The U.S. Court of Appeals for the Sixth Circuit upheld a lower court decision dismissing a law professor’s lawsuit against Ohio Northern University Pettit College of Law’s former interim dean.

In his assault and battery suit, the plaintiff alleged that he suffered lifelong physical injury after the defendant grabbed and squeezed his shoulder during a campus encounter.

Agreeing with the district court’s finding that the defendant did not commit a battery, the Court of Appeals cited § 19 of the Restatement of the Law Second, Torts, in its discussion of the definition of an “offensive battery.” Specifically, the court noted that in order for a contact to be considered “offensive,” it had to be offensive to a reasonable sense of personal dignity. With the support of the Restatement, the court agreed that “touching a colleague on the shoulder to get his attention [was] well within the ordinary ‘social usages prevalent’ in the workplace,” and was not considered an offensive contact.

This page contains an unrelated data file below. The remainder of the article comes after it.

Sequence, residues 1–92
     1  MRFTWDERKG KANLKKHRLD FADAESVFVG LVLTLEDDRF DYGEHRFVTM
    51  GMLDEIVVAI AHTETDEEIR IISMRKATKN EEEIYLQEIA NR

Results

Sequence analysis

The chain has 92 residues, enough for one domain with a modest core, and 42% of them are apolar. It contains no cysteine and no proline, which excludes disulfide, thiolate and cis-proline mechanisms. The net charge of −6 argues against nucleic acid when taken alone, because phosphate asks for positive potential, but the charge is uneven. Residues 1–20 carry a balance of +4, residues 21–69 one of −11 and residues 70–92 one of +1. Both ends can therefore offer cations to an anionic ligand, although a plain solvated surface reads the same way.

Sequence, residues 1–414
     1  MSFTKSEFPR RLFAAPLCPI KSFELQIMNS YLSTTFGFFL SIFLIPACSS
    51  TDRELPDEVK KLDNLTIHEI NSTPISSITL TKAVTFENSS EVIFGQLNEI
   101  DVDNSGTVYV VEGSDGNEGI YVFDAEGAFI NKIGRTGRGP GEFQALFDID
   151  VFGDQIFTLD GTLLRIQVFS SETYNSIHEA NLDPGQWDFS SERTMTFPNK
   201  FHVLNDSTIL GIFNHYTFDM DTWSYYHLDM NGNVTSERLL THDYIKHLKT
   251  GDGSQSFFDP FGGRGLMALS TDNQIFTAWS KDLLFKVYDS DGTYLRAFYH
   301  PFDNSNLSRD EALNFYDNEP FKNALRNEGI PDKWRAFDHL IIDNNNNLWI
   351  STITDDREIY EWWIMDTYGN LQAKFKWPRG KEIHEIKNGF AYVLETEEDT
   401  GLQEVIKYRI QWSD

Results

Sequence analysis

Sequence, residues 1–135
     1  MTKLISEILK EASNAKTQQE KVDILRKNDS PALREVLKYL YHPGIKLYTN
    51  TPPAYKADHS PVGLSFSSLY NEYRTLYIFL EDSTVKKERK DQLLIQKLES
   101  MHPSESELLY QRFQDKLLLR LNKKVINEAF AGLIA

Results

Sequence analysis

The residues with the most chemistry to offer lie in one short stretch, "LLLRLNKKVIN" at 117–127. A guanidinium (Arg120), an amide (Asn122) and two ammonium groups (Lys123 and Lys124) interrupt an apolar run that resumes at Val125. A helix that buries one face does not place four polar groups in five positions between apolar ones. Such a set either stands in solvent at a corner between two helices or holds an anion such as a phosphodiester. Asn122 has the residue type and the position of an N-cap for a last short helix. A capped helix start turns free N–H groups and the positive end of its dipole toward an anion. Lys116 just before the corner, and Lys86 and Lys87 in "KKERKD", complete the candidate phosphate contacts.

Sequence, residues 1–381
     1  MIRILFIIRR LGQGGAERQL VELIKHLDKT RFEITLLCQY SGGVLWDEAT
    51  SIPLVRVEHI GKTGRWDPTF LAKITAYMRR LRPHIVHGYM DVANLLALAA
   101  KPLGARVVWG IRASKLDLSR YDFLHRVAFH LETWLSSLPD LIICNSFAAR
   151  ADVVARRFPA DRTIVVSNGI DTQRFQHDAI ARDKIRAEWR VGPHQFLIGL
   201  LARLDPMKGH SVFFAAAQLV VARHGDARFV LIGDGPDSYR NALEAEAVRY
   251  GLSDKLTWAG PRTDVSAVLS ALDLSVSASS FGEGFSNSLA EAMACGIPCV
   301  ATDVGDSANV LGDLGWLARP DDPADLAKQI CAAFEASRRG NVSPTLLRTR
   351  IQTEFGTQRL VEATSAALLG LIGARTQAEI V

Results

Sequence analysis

An update to Battery: The Definition of Offensive Contact is one of the sections being addressed in the current Intentional Torts Restatement project. Visit the project page to learn more about the contents of this Restatement.

Read the opinion.

Pauline Toboulidis

The American Law Institute

0 Comments

Submit a Comment

Your email address will not be published.